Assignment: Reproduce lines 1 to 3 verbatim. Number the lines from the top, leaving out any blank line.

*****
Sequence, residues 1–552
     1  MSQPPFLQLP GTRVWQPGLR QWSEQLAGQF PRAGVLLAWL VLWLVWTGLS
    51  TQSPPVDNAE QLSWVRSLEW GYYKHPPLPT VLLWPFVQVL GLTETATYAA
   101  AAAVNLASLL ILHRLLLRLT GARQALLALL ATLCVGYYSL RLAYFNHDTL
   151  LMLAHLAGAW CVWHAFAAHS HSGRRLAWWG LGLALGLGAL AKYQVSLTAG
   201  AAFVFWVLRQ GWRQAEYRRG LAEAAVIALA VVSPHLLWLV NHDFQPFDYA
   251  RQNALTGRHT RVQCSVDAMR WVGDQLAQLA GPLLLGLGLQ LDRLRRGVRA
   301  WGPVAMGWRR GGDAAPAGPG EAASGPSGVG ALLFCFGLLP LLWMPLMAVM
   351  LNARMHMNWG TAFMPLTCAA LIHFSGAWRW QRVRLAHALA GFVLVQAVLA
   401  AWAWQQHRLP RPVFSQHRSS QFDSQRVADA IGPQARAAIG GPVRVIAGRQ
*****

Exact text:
Sequence, residues 1–552
     1  MSQPPFLQLP GTRVWQPGLR QWSEQLAGQF PRAGVLLAWL VLWLVWTGLS
    51  TQSPPVDNAE QLSWVRSLEW GYYKHPPLPT VLLWPFVQVL GLTETATYAA